In the heartbreak

In the heartbreak.png

What do you do when you don’t get to say goodbye like you thought you would, when things don’t end all neat and pretty like you planned, when you’re left sobbing your heart out in your car in a parking lot late at night, because it’s the end and you never knew it was going to be.

When you suffered through a rough shift at work, but you comforted yourself (and others) with the expectation of having a good week next week and getting to savor last moments and say goodbye to these people, this place.

And then you get one text message in that car right after close, and it shatters every hope you had and takes your heart with it. “They wanted me to tell you that we no longer need you for next week, you’ve served your two weeks, and the new managers we’ve been training are ready, so you’re done. Today was your last day. Good luck.”

And you immediately press call and you try not to sound hysterical or start crying into the phone as you desperately grasp for shreds of understanding only to get nothing, and you try not to shout but the volume of your voice is creeping up as you say “I don’t care about the shifts! It’s the people! I CARE ABOUT THESE PEOPLE!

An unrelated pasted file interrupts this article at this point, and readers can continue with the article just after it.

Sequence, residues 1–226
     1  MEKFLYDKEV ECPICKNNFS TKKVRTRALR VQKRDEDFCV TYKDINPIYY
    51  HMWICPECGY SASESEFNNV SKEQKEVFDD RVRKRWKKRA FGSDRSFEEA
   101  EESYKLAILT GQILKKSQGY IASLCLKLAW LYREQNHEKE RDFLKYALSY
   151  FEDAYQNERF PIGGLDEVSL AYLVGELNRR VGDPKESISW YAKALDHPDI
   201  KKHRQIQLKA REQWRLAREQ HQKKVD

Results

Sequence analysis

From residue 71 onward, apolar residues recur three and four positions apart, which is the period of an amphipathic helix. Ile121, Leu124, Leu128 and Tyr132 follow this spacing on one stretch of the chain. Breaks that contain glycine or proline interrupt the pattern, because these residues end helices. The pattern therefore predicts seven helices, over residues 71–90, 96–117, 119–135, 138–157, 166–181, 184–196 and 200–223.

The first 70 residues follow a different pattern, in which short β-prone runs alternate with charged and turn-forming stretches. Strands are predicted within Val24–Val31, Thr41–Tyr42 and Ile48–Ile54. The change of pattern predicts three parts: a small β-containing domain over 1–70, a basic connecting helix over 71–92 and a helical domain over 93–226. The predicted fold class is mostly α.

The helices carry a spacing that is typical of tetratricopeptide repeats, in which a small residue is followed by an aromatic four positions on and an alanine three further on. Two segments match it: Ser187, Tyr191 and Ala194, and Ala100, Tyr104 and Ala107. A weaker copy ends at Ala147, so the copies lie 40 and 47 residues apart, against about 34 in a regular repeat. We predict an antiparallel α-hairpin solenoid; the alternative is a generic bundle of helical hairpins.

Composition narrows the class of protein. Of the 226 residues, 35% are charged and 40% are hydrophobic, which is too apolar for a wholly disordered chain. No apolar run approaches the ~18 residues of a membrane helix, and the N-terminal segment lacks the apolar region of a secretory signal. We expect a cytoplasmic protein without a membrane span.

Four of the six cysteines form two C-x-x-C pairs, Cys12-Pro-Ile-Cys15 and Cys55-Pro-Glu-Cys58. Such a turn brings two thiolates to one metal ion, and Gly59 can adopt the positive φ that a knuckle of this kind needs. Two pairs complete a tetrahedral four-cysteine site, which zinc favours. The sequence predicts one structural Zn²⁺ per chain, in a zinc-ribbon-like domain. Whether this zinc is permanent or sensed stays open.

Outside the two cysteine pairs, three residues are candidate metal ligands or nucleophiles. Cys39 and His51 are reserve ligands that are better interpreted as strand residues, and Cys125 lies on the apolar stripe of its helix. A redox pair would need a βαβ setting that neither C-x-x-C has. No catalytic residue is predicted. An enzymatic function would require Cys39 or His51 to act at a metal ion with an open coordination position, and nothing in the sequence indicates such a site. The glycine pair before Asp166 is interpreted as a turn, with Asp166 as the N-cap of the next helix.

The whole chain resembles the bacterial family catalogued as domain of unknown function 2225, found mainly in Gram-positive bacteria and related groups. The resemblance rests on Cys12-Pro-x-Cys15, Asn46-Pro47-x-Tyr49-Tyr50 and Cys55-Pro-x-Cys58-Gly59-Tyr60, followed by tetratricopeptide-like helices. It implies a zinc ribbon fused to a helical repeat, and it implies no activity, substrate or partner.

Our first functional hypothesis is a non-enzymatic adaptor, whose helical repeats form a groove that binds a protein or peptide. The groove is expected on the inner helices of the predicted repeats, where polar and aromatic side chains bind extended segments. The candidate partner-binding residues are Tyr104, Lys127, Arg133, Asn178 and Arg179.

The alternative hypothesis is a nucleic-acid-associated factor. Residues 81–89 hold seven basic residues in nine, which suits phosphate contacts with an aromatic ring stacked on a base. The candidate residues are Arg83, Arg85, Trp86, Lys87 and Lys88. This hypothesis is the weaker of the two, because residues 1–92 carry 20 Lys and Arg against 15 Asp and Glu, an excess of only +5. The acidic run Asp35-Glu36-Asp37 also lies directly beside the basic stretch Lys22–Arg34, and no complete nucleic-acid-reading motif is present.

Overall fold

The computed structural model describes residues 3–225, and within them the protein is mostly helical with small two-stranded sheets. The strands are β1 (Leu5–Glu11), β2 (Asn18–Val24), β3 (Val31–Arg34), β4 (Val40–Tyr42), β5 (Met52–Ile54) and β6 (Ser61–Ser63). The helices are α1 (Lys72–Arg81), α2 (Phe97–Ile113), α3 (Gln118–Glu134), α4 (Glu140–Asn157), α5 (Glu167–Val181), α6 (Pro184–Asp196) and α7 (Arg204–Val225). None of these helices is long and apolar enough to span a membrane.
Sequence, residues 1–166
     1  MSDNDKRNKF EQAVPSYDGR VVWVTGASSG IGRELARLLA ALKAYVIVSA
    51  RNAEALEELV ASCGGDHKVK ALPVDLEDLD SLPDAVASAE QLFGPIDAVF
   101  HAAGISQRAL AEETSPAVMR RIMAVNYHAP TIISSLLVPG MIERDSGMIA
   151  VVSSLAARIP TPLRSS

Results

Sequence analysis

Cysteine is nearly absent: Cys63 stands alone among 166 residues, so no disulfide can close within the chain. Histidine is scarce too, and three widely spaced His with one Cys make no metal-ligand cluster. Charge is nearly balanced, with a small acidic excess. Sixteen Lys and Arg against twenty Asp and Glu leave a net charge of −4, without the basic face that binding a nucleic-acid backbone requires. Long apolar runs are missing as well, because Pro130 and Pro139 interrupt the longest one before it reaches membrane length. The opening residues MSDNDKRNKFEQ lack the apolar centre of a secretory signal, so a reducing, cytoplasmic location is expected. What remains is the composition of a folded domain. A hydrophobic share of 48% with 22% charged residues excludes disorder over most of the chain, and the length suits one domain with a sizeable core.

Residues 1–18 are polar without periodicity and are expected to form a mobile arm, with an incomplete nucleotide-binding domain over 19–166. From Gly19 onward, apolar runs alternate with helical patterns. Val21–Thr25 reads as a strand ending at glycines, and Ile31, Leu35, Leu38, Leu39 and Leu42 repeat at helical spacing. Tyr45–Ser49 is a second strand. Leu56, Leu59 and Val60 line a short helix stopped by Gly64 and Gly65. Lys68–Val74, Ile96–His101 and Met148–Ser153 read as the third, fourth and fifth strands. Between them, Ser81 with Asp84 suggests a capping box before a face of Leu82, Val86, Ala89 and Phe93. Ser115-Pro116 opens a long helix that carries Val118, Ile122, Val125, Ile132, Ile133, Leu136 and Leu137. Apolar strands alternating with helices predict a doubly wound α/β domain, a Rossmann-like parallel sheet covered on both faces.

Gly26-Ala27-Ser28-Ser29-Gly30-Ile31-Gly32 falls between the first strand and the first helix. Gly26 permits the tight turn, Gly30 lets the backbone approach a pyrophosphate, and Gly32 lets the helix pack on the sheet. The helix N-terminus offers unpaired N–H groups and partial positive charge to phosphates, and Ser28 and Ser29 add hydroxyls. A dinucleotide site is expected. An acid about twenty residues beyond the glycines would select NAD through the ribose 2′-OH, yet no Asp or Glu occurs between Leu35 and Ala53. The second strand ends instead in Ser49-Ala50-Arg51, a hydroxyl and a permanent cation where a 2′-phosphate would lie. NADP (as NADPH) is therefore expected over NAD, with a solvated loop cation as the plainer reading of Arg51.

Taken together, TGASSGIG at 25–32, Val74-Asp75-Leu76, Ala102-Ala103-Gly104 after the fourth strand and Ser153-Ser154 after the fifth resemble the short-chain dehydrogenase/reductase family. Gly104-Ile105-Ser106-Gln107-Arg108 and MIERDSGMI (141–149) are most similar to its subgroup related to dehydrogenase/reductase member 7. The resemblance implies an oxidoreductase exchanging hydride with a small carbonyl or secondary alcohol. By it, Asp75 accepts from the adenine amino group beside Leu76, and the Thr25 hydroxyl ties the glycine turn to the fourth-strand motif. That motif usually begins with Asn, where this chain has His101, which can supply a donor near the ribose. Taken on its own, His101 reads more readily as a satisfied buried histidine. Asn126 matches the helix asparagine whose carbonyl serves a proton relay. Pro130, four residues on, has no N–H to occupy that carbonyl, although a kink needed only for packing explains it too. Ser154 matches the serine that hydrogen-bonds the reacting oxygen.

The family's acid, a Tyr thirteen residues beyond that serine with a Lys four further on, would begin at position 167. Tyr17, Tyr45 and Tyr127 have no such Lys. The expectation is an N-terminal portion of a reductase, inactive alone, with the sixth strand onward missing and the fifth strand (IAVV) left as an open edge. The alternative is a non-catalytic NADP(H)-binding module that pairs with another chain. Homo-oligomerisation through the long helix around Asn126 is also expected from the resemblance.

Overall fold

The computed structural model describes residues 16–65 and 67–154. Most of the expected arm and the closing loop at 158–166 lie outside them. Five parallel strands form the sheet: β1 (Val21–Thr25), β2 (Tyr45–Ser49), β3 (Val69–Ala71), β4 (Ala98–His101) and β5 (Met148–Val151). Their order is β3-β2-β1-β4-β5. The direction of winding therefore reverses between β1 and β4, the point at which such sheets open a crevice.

I have labored with these people for up to two years and it was going to be hard enough to say goodbye. But then the opportunity to say goodbye to many of them was taken from me in such a way that I could do absolutely nothing about it. And I was upset. This stung. I was left feeling betrayed and helpless, because my plans had been changed and things were thoroughly out of my control.

Like many of us, my first instinct when feeling hurt and helpless is anger. Why would this happen? This wasn’t what I wanted! It’s not fair!

But you know what?

I am not the only one who has ever been denied a goodbye.